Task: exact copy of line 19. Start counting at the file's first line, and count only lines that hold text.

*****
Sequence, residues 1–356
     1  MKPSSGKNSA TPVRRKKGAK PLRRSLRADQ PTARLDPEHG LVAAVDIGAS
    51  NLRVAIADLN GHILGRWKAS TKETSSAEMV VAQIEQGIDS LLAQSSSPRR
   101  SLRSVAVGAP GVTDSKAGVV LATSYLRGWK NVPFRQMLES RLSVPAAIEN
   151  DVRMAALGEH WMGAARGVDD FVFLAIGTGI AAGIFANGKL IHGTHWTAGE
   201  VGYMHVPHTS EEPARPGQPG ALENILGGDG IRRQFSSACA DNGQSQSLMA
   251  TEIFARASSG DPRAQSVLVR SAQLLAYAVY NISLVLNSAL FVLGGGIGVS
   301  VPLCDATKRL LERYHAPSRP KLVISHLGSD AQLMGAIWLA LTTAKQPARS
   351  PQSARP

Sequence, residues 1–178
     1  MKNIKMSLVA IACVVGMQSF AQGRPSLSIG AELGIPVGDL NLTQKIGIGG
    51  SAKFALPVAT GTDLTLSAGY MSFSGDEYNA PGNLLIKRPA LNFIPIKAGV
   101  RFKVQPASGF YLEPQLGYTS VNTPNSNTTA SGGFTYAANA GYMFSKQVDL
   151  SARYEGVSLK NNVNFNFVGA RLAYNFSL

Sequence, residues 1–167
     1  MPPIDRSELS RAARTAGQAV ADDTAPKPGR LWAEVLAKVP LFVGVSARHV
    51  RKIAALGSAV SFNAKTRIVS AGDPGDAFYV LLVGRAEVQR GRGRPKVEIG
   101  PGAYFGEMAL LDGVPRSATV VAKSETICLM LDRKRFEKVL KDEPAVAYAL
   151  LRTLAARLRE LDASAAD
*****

   151  LRTLAARLRE LDASAAD